“It usually helps me write by reading — somehow the reading gear in your head turns the writing gear.” — Steven Wright
Lately several people have been asking me how I’ve been able to read so many books in the last couple of years.
While I’ve enjoyed reading I only became serious about my reading habit in 2012. Before that I only read for amusement or because something caught my eye, not because I was being purposeful about it.
Before I get into that, let’s start by looking at what I see as the pros and cons of different book formats.
Physical Book Cons: You have to deal with a thing that takes up space in your shelf or in storage. Your reading speed dictates how fast you’ll go through it.
Physical Book Pros: You have the physical thing. You can skim & skip easily. You can easily mark where you left off and pick it back up. You can more easily look stuff up from the references and index.
Ebook Cons: You’re stuck looking at a screen of some form. You don’t really have a physical copy per se. You need an application to read it, depending on the application some features may or may not be present.
Ebook Pros: Searching for text, highlighting, and dehighlighting is usually really simple if they’re available in the application.
Audiobook Cons: You don’t have the physical thing. It’s harder to remember where you heard something and look up references. Try remembering exactly where you were in the book 6 months later, yeah. The person narrating might not have a voice you enjoy.
Audiobook Pros: You can listen to it while having your hands free to do other things. You can increase the speed at which you read.
What works for me is having a combo of an audiobook and ebook (preferably a PDF). I simply listen to the audiobook at between 1.25–1.75 times the original speed while taking notes on my phone or making bookmarks (in the Audible app) and then highlighting them in the PDF. Also, I sometimes send the pages or passages to my email just to save the most important ones.
If it’s a book I want to have in my library I make sure to buy a physical copy too. In some cases the books aren’t available in audio or ebook form so I’m “stuck” reading the physical one.
They all have their pros and cons, figure out what works best for you and go with that.
So, the reason I’ve been able to read so many books these past couple of years is that I’m very lucky.
I’ve been lucky enough to be able to set my life up so that I can make room for reading. On average I’ve read a little over an hour a day for the past 4 years. Some days I don’t read at all while some days I can dedicate to starting and finishing 2 books.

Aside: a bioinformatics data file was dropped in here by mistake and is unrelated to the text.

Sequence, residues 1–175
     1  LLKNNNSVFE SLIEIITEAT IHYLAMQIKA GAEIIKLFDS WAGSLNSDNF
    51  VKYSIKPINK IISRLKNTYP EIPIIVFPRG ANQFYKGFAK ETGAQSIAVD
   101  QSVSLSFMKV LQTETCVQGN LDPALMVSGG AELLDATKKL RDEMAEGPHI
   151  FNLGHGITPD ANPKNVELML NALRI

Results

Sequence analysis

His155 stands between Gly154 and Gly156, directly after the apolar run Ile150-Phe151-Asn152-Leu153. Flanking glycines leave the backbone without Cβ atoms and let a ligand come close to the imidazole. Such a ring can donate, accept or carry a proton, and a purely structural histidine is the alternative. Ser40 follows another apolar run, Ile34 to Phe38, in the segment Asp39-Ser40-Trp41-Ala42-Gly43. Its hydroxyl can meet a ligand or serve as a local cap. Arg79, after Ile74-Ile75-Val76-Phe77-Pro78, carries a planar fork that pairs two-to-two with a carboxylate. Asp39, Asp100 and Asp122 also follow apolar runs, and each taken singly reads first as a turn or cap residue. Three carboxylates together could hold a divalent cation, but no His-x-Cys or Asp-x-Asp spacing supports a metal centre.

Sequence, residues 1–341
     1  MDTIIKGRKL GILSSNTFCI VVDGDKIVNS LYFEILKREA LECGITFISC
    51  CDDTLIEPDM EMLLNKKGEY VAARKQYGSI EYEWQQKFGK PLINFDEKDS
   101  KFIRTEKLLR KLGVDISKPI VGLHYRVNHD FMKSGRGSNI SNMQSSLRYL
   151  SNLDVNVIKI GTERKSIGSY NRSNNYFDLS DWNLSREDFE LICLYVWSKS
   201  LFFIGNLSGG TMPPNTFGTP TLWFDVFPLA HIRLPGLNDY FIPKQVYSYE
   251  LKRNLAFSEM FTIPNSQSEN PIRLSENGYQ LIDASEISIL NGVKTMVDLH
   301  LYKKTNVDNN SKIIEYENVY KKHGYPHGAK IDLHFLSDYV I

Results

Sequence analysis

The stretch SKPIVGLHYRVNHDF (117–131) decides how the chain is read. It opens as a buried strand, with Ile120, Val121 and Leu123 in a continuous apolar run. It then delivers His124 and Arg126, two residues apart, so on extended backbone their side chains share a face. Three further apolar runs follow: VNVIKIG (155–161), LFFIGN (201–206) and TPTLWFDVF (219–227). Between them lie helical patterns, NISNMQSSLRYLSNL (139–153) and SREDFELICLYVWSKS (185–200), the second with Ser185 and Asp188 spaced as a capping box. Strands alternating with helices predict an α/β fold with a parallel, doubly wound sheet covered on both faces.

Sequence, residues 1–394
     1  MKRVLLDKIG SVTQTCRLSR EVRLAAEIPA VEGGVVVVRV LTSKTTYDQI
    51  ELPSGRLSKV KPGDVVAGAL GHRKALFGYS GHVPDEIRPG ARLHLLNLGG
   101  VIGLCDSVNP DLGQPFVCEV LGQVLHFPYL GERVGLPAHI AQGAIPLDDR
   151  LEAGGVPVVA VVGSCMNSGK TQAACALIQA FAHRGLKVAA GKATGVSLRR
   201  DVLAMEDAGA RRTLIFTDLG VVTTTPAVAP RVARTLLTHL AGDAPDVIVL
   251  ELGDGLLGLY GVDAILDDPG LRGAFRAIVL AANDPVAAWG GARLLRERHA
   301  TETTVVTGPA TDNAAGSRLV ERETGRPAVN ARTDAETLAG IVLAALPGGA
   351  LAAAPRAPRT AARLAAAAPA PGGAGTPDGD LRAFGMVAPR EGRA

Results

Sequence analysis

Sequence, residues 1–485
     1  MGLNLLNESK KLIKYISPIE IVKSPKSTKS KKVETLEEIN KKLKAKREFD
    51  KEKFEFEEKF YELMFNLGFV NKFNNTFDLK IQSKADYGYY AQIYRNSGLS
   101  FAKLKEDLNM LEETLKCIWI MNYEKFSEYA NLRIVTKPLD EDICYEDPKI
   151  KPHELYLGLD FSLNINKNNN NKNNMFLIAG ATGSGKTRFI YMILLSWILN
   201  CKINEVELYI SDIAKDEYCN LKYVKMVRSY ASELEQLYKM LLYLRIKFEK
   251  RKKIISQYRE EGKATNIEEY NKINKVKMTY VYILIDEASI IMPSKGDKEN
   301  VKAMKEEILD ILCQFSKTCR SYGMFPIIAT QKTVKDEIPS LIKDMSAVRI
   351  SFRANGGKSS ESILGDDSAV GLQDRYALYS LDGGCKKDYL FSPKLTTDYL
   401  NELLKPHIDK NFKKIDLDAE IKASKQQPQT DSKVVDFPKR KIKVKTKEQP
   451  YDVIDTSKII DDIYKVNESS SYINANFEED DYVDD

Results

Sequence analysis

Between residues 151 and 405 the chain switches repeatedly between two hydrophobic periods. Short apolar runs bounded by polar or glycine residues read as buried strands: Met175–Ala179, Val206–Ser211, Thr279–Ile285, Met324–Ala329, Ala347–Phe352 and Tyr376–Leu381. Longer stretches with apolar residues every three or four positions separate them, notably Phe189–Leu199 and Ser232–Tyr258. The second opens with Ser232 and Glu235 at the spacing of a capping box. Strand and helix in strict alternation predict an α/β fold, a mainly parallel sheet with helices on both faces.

This isn’t always practical or possible for people.
You may be working 10 hours a day with a 3 hour commute. You might have a household that needs taking care of. You might have other activities that take up your time. When will you have the time to read?
When I started in 2012 I was in that situation. The only time I had to dedicate to reading was during my commutes. That year I finished 11 books simply by reading on the train and bus.
Those were physical copies and ebooks. In 2013 I wanted to up my game and I realized I could save a lot more time and energy by listening to audiobooks.
The problem I noticed there was that I couldn’t highlight the things that were really interesting so I started combining my audiobooks with ebooks that enabled me to do so. That’s how I managed to squeeze in 81 books in 2013.
In 2014 the number rose to 103, and in 2015 the total was 136.
Now, this means that I read an average of almost 1 hour 30 minutes per day in 2015.
This made me realize that while reading is great my reading to writing ratio had become too big. I don’t want to be spending an hour of my day reading.
Also, I noticed that I’m getting to a point in some fields where I’m getting diminishing returns. A lot of the books repeat the same old themes and principles.
While I’m grateful for the reminders, it’s not necessarily where the biggest upside will be for me.
That’s why I chose the quote by Steven Wright that’s at the top. My biggest upside will be to spend those hours putting the knowledge I’ve gained to use in the real world.
I’ll probably still be reading 50+ books per year for the foreseeable future since my commuting (and video gaming) time is spent listening to them and they just add up to 5+ hours per week. This makes sense because the average audiobook takes about 4 hours, plus I’m also speeding it up.
However, the less time I’ll spend on traveling and video games, the less I’ll be spending on books as well.
Identify times where you could be able to do a bit of reading while doing other stuff. Also, figure out which format would give you the best opportunity to do so.
Please, don’t compare yourself by the standards of others. While some people don’t read any books, some read 10 books, and others read 500 books, you’re only bettering yourself. It isn’t a competition.
If you only read one book this year, and it allows you to change your life for the better, that book will have been worth more than reading 1000 that didn’t.
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Have a kick-ass ₢eative day!